As a result of the high blood pressure definition change the percentage of adults in the US now considered to have high blood pressure is 46%. This is a 14% increase from the prior 32%. That translates into almost half of the adults in the US now having high blood pressure. The prior figure had been one third. It’s not that the new cases didn’t exist before. They just weren’t recognized. With the change in the high blood pressure definition, the estimated number of Americans with hypertension is now 103 million.
Studies have shown that BP control in Americans taking medication for hypertension is an estimated 54%. That means 46% are not controlled. Bearing in mind that the number of people with undiagnosed hypertension just increased with the new guideline, the overall percentage of poor control is now even higher because of the lack of treatment of the new cases.
Self-measured blood pressure monitoring (SMBPM)
The ability of patients to perform accurate BP readings outside of a doctor’s office not only confirms a suspected diagnosis of high blood pressure based on office readings. It also helps avoid missing the diagnosis of masked hypertension and the incorrect diagnosis of hypertension when in fact a patient is showing signs of the white coat phenomenon.
In addition, SMBPM engages patients in their treatment; improves the accuracy of BP readings; and promotes patient adherence to treatment. The expected result is better BP control.
A very helpful resource for implementing and successfully using SMBPM is Target: BP – a website formed in partnership by the American Heart Association and the American Medical Association. It supports doctors and care teams by offering access to the latest research, tools, and resources to reach and sustain target blood pressure goals of the patients they serve. Its stated goal is to significantly improve the nation’s blood pressure control rate and to build a healthier America.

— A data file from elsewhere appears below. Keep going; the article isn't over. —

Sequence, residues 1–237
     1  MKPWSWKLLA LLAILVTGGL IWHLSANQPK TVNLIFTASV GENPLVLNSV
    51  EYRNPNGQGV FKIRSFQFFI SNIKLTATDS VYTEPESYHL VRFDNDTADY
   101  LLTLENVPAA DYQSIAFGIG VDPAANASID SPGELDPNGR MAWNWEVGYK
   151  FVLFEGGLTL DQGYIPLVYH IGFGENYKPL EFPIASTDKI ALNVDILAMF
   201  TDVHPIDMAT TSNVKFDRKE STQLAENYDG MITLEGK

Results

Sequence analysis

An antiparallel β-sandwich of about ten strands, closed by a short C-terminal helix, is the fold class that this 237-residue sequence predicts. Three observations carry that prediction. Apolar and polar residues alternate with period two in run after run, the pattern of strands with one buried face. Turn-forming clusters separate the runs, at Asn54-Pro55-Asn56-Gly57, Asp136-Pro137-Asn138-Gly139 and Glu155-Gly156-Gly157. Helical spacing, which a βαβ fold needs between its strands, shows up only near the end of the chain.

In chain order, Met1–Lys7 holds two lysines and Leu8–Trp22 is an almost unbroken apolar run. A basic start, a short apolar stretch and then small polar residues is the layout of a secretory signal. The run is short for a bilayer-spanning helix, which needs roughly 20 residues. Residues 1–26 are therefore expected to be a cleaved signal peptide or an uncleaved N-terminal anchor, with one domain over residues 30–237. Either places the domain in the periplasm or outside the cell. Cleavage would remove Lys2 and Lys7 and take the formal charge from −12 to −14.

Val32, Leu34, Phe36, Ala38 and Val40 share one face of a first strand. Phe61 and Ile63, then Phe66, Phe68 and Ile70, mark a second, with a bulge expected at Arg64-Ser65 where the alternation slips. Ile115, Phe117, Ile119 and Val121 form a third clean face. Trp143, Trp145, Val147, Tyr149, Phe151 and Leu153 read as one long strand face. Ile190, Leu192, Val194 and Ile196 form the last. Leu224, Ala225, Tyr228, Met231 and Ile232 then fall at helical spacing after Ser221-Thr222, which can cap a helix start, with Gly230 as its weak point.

New hypertension treatment recommendations
Even though more people will have a diagnosis of hypertension under the new guideline the estimate is that only one in 5 of the 14% increase will need to take medication. The reason is that many in category 1 will require healthy lifestyle changes as the main method of treatment. Also, the belief is that many cases of hypertension can be prevented with this early intervention.
The table below is a summary of the main new treatment recommendations.
The new guideline has not changed the meaning of hypertensive crisis. It is still a BP of greater than 180/120. The new guideline contains specific recommendations on how to manage it though. The table below is a summary.
Hypertensive Crisis Management Recommendations
|Hypertensive Urgency||systolic BP > 180 and/or diastolic BP > 120||If the patient has not been compliant with taking antihypertensive medication restart it. If the patient has been taking antihypertensive medication as prescribed intensify it. Treat anxiety if applicable.|
|Hypertensive Urgency||systolic BP > 180 and/or diastolic BP > 120 with target organ damage||Admit patient to an intensive care unit for continuous monitoring of BP. If there is new/progressive or worsening target organ damage, administer a parenteral blood pressure lowering medication.|